KINGS PARK, N.Y. — A high school sexting scandal has opened a debate as to how students should be punished.
Students from Kings Park High School were suspended this week after they received a sext with an explicit video. But some of those kids maintain they did not share it and should not be punished.
One of those teens was AJ Fenton. The 15-year-old was suspended but the sophomore showed up for school Tuesday. His father, Andrew Fenton, took him to school.
“The commanding officer came out to me and said ‘Mr Fenton here’s the deal. They want your son arrested for trespassing,'” he said.
The teen left so he was not arrested. Fenton said he received the text last week and got rid of it immediately.
“I viewed it. I didn’t know what it was at first. I clicked on it, deleted it right away,” Fenton said.
According to authorities, two 14-year-olds from Smithtown, Long Island sent out the video. In it, one of those teenagers and an underage girl engaged in a sexual act.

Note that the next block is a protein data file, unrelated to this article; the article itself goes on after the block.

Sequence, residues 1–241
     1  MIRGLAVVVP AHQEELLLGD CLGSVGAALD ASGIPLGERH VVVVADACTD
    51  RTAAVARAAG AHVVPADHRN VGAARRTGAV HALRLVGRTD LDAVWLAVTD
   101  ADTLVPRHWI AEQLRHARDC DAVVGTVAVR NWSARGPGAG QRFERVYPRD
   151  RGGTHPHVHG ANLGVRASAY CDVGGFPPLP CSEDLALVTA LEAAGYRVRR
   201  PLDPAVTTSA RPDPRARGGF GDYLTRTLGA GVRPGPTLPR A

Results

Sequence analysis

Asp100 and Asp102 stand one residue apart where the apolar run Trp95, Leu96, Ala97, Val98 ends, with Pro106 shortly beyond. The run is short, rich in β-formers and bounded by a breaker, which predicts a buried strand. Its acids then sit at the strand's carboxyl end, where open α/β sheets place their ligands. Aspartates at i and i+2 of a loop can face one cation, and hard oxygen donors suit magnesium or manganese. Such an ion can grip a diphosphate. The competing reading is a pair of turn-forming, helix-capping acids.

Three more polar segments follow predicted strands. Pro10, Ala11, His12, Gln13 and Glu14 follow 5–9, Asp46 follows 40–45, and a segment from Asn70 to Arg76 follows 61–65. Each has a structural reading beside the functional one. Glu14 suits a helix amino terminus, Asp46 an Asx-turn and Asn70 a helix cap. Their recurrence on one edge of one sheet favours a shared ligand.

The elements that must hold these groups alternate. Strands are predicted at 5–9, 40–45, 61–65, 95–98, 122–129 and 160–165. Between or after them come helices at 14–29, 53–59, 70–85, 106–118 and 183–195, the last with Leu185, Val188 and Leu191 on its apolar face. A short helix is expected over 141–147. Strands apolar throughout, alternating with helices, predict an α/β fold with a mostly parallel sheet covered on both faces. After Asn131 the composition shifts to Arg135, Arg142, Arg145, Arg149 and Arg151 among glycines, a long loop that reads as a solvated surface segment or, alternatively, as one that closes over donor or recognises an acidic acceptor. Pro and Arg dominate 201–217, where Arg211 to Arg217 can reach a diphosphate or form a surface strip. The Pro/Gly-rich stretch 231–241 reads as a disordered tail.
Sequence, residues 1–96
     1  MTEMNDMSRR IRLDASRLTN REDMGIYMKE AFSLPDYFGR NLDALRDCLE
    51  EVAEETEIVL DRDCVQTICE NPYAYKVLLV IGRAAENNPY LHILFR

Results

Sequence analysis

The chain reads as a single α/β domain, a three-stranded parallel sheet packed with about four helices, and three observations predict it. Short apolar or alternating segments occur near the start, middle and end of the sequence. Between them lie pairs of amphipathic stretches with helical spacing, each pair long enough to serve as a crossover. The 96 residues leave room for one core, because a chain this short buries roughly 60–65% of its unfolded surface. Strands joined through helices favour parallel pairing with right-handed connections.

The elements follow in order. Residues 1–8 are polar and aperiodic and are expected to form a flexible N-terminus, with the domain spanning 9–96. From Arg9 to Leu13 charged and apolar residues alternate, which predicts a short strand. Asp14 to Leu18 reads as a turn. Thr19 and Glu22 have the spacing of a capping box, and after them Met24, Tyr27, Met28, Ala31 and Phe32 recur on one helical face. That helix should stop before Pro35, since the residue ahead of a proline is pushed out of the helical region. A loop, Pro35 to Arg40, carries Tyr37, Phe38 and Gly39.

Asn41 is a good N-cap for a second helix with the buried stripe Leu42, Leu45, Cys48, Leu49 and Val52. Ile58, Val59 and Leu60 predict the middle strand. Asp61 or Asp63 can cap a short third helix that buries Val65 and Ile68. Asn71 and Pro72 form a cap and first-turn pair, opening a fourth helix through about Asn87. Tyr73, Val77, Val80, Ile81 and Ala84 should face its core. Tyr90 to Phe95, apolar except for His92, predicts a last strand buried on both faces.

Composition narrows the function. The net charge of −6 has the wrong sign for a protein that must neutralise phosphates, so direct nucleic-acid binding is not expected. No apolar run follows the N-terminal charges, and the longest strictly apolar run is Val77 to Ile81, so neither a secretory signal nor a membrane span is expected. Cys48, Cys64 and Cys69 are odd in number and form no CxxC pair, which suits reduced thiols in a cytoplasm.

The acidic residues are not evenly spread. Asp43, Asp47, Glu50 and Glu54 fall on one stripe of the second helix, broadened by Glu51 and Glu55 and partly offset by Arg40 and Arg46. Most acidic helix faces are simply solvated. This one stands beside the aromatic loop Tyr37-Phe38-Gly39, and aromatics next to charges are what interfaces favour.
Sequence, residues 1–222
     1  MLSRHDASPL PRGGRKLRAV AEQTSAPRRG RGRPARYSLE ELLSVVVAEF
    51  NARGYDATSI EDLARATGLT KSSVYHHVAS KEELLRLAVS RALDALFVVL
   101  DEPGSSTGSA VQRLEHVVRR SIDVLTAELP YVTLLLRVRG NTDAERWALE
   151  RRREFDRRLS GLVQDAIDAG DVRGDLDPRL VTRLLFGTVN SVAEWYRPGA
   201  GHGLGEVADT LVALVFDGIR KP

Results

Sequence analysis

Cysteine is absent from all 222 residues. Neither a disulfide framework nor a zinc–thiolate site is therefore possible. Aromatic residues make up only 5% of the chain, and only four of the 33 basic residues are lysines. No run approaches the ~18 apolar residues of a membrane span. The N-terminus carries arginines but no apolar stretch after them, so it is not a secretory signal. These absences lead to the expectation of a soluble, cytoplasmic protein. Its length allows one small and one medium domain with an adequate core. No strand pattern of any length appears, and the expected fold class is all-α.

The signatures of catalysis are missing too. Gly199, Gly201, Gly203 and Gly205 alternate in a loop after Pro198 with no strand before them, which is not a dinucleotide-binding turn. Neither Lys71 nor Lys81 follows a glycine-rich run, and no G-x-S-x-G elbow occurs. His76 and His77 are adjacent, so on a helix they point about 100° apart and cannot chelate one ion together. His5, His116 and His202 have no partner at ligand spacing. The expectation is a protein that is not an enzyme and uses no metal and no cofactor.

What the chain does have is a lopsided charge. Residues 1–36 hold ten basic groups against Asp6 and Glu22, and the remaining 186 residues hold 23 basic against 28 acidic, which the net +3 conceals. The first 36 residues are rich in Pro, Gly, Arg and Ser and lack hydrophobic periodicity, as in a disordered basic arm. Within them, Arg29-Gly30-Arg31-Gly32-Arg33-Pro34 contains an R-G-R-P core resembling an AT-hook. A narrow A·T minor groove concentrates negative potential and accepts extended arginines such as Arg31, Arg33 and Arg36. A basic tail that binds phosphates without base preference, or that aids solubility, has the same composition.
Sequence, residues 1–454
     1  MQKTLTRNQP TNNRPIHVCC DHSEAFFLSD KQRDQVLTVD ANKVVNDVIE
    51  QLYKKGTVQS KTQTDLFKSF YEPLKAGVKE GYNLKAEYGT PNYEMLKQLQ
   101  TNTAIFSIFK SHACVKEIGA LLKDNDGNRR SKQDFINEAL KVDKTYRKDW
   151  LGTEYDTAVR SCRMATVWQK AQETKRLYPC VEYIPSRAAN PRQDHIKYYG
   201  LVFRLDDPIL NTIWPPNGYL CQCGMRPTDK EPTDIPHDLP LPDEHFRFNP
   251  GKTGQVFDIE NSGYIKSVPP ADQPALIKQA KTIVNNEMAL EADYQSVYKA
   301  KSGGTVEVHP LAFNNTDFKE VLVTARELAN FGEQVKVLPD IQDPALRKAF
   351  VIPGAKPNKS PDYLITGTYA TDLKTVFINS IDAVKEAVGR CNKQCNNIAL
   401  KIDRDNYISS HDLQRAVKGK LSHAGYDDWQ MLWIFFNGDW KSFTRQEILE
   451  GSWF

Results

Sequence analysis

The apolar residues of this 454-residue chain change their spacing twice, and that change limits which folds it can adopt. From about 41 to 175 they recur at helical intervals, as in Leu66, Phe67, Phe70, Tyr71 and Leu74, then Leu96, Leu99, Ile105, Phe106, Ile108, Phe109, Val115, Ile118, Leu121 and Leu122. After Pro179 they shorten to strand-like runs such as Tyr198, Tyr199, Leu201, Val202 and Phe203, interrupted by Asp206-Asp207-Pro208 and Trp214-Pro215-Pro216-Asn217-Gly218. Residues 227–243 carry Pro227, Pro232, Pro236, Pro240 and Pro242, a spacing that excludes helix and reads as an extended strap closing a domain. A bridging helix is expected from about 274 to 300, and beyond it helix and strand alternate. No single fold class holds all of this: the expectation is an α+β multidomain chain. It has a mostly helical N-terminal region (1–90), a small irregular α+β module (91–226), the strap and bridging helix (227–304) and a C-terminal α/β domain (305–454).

The teens were arrested and face felony charges.
According to Joseph Bavaro, a former special victims prosecutor, “If you show it to someone or if you send it to someone that’s a crime under New York State.”
Bavaro said Fenton did the right thing.
“If you get something that’s inappropriate and you delete it, what more can you do?” he said.
Superintendent Dr. Timothy Eagen of the Kings Park Central School District put out a statement late Tuesday afternoon. He said the district, “…has conducted and completed a thorough investigation surrounding the alleged sexting incident. The district believes that all student suspensions in relation to this alleged incident have been made in accordance with the district’s code of conduct,”
Andrew Fenton disagreed with how the district handled this.
“All I want is an apology and my son’s name cleared. He did nothing wrong. A text message message wound up on his phone as part of a group text,” he said.
Suffolk Police said the Smithtown teenagers did not film the video on school property. The teenagers are scheduled to appear in family court at a later date.
According to police, if the video is sent around again, whoever does it could be prosecuted as well.